The proposed law for foreign investments is up for discussion, and offshore VIE companies controlled by Chinese would be treated as domestic companies, legalizing current practices. Accounting professor Paul Gillis lists the winners and losers of the proposed law on his weblog.
But there is a twist. If Chinese individuals or corporations control the foreign company (parent companies of overseas listed Chinese companies are typically incorporated in the Cayman Islands) then the foreign company will be treated as a domestic company for purposes of the foreign investment rules. That would mean the VIE is treated as being controlled by a domestic company and would not be subject to the foreign investment rules.
Companies that are controlled by Chinese will have their existing VIE arrangements validated. That means that existing VIE contracts should be enforceable. At present, Chinese law will not enforce contracts where an illegitimate purpose is concealed under the guise of legitimate acts. The proposed law will legitimize foreign investment through a VIE when the company is controlled by Chinese. That should make the contracts enforceable.
The new law will create winners and losers in China.
Alibaba, Baidu and other companies with dual class share structures or other arrangements that keep founders in control. These companies can continue to use their VIEs. Hopefully, they will be allowed to transfer the VIE to the public company structure so that it becomes a WFOE. That would remove many of the operational difficulties associated with VIEs and provide some better legal protection for shareholders.
Ant Financial Services Group (ANT), Alibaba’s finance arm formerly known as Alipay. Alipay was a former VIE of the Alibaba Group that was taken out of the group in 2011 by Jack Ma much to the chagrin of Yahoo! investors. Alipay has been the poster child for VIEs gone wrong. The new law may allow ANT to be listed in a U.S. IPO, since the new rules would appear to allow a company like ANT to have foreign investment provided it remained Chinese controlled.
US Exchanges. Few stock markets permit the use of control structures that allow unders to remain in control of their companies even when they sell down their shares below 50%, but the US exchanges do. Those control structures usually involve two classes of shares – a Class A owned by founders with full voting rights, and a class B owned by public shareholders with identical rights as class A except for no right to vote. Alibaba achieved a similar result using the Alibaba partnership. Hong Kong and China do not permit companies to list with control structures, insisting on one share/one vote. The Hong Kong Stock Exchange lost the Alibaba IPO because of its unwillingness to change its rules.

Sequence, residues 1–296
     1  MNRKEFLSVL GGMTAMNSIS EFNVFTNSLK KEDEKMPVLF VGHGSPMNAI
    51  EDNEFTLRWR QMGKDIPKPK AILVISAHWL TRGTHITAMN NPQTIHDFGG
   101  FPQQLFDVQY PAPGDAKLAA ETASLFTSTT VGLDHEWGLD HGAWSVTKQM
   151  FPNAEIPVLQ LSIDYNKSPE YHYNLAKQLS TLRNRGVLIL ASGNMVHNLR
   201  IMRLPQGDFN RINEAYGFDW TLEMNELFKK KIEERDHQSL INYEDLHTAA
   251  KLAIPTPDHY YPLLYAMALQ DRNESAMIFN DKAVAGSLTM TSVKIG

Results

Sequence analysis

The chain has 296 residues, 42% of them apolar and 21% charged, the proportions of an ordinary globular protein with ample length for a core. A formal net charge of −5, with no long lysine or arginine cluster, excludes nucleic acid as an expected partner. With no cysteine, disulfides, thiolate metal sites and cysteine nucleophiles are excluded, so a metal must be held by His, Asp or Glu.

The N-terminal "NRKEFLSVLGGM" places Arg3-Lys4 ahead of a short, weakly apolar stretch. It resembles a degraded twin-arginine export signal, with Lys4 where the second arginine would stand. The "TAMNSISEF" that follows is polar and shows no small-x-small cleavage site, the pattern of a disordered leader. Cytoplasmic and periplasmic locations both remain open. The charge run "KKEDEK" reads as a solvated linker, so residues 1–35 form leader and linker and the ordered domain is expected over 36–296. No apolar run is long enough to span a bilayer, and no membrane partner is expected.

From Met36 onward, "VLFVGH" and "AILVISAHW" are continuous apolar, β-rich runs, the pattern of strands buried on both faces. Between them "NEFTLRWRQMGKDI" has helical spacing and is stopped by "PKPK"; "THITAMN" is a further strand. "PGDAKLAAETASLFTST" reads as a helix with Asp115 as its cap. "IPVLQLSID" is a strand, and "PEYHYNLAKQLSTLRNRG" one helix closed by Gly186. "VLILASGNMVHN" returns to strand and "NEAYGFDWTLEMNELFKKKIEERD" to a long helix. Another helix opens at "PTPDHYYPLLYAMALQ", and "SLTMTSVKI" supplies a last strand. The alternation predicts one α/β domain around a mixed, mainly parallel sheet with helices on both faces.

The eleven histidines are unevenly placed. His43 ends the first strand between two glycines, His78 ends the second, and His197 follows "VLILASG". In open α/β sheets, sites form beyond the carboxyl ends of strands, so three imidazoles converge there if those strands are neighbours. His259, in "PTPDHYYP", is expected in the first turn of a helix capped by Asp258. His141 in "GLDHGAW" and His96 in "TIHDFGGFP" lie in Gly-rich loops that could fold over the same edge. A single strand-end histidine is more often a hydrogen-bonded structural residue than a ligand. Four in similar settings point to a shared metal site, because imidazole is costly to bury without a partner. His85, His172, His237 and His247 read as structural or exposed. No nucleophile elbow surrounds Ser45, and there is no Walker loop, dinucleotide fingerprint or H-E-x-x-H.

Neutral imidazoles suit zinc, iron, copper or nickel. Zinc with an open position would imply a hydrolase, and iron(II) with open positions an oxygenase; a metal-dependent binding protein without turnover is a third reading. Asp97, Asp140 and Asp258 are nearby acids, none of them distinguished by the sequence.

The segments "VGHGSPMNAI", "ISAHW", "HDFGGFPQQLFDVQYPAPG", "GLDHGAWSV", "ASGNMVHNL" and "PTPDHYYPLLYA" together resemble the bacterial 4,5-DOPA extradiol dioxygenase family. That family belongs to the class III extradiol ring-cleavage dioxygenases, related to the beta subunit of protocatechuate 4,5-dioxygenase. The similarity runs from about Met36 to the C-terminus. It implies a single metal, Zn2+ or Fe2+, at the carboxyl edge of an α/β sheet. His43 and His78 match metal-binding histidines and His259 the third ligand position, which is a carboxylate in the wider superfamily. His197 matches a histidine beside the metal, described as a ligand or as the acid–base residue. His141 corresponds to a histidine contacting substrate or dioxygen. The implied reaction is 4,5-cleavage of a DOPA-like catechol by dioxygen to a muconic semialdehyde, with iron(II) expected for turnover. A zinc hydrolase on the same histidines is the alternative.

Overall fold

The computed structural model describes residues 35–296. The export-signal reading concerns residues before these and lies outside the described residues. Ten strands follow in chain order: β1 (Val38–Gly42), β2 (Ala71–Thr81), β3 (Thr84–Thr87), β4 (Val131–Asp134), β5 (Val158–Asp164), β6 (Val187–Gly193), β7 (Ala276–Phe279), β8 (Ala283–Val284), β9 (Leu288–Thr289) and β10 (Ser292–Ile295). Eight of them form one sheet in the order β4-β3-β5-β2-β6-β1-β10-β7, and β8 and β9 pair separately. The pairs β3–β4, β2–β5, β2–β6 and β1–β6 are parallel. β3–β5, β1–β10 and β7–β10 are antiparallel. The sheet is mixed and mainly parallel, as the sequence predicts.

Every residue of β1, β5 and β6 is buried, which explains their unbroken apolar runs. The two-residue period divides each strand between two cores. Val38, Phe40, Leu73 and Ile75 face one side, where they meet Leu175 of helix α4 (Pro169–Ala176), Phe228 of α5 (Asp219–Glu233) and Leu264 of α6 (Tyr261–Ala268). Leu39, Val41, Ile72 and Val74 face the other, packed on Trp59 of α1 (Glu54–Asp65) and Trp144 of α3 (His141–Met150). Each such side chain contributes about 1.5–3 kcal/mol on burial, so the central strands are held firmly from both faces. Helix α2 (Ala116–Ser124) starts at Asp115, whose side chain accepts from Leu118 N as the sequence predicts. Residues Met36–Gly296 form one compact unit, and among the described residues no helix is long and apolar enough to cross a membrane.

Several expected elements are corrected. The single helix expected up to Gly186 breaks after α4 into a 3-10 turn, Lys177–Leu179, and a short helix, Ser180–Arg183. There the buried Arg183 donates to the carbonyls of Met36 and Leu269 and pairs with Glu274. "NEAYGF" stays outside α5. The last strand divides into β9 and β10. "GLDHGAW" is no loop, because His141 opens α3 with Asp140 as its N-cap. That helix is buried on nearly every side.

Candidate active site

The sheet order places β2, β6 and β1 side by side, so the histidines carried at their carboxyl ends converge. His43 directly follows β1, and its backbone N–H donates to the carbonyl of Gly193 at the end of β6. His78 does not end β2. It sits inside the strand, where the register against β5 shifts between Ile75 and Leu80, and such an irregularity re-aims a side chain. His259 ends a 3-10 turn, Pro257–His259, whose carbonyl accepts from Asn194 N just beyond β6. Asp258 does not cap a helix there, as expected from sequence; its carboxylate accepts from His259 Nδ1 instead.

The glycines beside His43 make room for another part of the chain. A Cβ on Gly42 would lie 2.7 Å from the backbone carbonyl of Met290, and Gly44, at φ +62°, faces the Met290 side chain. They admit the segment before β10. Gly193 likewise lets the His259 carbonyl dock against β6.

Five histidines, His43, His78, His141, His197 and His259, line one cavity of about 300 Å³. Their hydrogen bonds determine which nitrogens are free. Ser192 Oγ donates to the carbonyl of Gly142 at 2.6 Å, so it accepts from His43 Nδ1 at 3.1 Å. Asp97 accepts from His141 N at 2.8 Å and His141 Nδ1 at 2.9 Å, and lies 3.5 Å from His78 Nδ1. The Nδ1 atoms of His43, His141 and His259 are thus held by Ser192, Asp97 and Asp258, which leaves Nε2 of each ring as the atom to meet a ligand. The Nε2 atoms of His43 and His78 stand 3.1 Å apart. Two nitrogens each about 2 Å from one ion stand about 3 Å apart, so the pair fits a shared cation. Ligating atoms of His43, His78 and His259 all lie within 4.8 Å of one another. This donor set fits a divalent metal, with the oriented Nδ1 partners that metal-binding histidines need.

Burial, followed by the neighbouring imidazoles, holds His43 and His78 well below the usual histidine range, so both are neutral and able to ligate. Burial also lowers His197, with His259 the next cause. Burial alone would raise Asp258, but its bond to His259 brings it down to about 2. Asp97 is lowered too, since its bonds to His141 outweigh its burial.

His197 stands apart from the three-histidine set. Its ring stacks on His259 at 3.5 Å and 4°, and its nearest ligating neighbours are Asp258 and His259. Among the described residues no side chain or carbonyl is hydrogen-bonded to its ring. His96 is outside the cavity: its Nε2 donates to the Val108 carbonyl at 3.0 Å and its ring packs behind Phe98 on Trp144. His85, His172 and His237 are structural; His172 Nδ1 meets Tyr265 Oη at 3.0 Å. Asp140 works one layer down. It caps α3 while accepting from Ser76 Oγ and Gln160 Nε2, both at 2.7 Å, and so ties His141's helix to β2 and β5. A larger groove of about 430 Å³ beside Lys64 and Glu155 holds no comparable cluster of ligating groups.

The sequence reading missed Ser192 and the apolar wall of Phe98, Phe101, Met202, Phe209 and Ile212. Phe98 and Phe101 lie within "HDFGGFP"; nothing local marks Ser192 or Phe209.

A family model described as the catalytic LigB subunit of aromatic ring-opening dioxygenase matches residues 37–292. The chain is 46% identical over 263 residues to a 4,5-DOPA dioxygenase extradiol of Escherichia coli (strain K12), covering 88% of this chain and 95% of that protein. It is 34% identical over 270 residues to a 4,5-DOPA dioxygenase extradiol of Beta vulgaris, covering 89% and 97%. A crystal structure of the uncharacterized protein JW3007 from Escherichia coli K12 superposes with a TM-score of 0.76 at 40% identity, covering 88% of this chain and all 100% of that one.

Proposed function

Tencent, CTRIP, and other companies that are not controlled by Chinese. Some overseas listed Chinese companies have not used the control structures. Their VIEs are likely to be treated as foreign invested enterprises, and will need to comply with the negative list. The regulator could give special permission for these companies to continue to use their VIEs, and I expect they probably will. An alternative may be for these companies to move their VIE to the Shanghai Free Trade Zone, which has indicated it intends to allow wholly owned foreign investment in e-commerce.
Multinational companies (MNCs). Many MNCs use the VIE structure although this is rarely disclosed (Amazon is an exception, disclosing use of a Chinese VIE). These VIEs will be subject to the negative list. I am less optimistic that MNCs will be able to obtain special permission, and may need to rely on using the Shanghai Free Trade Zone.
Hong Kong Stock Exchange. Hong Kong does not allow companies to list using control structures to keep founders in control. The Hong Kong Stock Exchange lost the Alibaba IPO over this rule, and stands to never see another IPO of a Chinese company in a restricted sector if they do not change their rules.
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